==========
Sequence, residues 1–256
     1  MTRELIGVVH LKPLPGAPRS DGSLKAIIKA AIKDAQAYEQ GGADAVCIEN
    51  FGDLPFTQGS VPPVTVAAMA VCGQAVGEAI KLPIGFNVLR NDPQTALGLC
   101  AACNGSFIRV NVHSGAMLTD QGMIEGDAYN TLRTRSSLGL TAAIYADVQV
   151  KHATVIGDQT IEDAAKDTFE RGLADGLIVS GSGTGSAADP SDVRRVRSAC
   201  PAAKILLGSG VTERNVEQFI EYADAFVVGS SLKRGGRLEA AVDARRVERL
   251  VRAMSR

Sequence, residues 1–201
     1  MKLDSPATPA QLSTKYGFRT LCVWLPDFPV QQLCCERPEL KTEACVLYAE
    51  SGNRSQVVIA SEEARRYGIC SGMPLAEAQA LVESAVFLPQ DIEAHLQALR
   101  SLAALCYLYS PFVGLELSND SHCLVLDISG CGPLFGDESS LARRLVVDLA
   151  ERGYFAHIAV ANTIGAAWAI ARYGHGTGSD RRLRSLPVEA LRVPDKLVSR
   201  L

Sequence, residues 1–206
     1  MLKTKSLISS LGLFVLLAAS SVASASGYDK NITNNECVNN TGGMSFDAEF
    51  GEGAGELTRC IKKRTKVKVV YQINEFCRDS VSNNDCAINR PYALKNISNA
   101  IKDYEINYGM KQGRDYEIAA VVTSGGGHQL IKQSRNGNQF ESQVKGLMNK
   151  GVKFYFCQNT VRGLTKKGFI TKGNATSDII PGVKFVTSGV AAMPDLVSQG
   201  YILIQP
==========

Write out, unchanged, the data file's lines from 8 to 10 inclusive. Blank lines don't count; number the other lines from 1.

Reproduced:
Sequence, residues 1–201
     1  MKLDSPATPA QLSTKYGFRT LCVWLPDFPV QQLCCERPEL KTEACVLYAE
    51  SGNRSQVVIA SEEARRYGIC SGMPLAEAQA LVESAVFLPQ DIEAHLQALR